So if we go look at the output of the parse_blocks we have the innerBlocks array, this is an array of blocks that might be inside our block we have just parsed. This happens for example in sections and columns and JUST ABOUT EVERY DAMN BLOCK IS IN ANOTHER BLOCK!!!!!!!!!!!

I mean that’s fine, we just go through and loop through those, happy… Recursion oh yeah so we extend out and make sure we are looping happily through.

My final very dodgy code looks like:

<?php $args = [ 'numberposts' => -1, 'post_type' => ['page','wp_block','post','wp_area'] ]; $postc = get_posts($args); $site_blocks = []; foreach($postc as $post){ if ( has_blocks( $post->post_content ) ) { $blocks = parse_blocks( $post->post_content ); foreach($blocks as $block) { $blockNames = parse_block_names($block); $site_blocks = array_unique(array_merge($blockNames,$site_blocks)); } } } var_dump($site_blocks); function parse_block_names($blockObject) { $blockNames = []; if(!in_array($blockObject['blockName'], $blockNames)) $blockNames[] = $blockObject['blockName']; if(!empty($blockObject['innerBlocks'])){ foreach($blockObject['innerBlocks'] as $innerBlock){ $innerBlockNames = parse_block_names($innerBlock); $blockNames = array_unique(array_merge($blockNames,$innerBlockNames)); } } return $blockNames; }

Which happily generates a list like:

% wp eval-file list_blocks.php ~/httpdocs array(27) { [0]=> string(14) "core/paragraph" [1]=> NULL [2]=> string(15) "core/media-text" [4]=> string(33) "themeisle-blocks/advanced-columns" [5]=> string(32) "themeisle-blocks/advanced-column" [6]=> string(12) "core/columns" [7]=> string(11) "core/column" [8]=> string(10) "core/image" [9]=> string(14) "core/separator" [10]=> string(26) "atomic-blocks/ab-container" [11]=> string(9) "core/list" [12]=> string(37) "contact-form-block/contact-form-block" [13]=> string(10) "core/block" [14]=> string(12) "core/heading" [15]=> string(27) "themeisle-blocks/posts-grid" [16]=> string(28) "atomic-blocks/ab-testimonial" [17]=> string(14) "core/shortcode" [18]=> string(9) "core/code" [19]=> string(17) "core/preformatted" [20]=> string(18) "core-embed/youtube" [21]=> string(10) "core/quote" [22]=> string(18) "core-embed/twitter" [23]=> string(9) "core/html" [24]=> string(24) "atomic-blocks/ab-sharing" [25]=> string(10) "core/cover" [26]=> string(33) "themeisle-blocks/advanced-heading" [27]=> string(10) "core/group" }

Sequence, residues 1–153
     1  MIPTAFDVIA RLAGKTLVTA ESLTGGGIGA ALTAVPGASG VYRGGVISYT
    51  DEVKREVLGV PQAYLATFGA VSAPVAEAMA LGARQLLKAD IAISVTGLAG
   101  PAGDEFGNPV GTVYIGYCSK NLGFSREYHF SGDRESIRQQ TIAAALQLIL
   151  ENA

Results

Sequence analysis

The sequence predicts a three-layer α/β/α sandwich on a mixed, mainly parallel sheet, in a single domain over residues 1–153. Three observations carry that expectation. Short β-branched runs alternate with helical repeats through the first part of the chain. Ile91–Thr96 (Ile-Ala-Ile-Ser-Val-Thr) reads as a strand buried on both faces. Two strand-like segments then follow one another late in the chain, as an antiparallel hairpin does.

Turned out I really wasn’t using that plugin after all and it’s safe to deactivate.


Block Management is going to be an interesting challenge, I’m already seeing a potential idea for a plugin, that hooks into deactivate script, and says “These plugins blocks are used on these pages” please check before deactivating.

However this 5-minute detour into the world of blocks has been interesting, a couple of caveats I’m sure some blocks use the same names, replace core blocks, generate on the fly and do a myriad of things to avoid detection. To this end, the quick script will no doubt not pick up the edge cases but I leave it here as it might be useful. For me it lets me explore parse_blocks and I learnt about the wp_block and wp_area custom post types.

5 thoughts on “Finding all your sites Gutenberg Blocks”

  1. Early on, I installed a bunch of plugins of block collections to test. I’m sure I’m not using all of them and would love to clean them up, but didn’t have a way to know for sure.

    I had been wondering what it would take to do something like this and your work is a great start. Thanks for sharing it!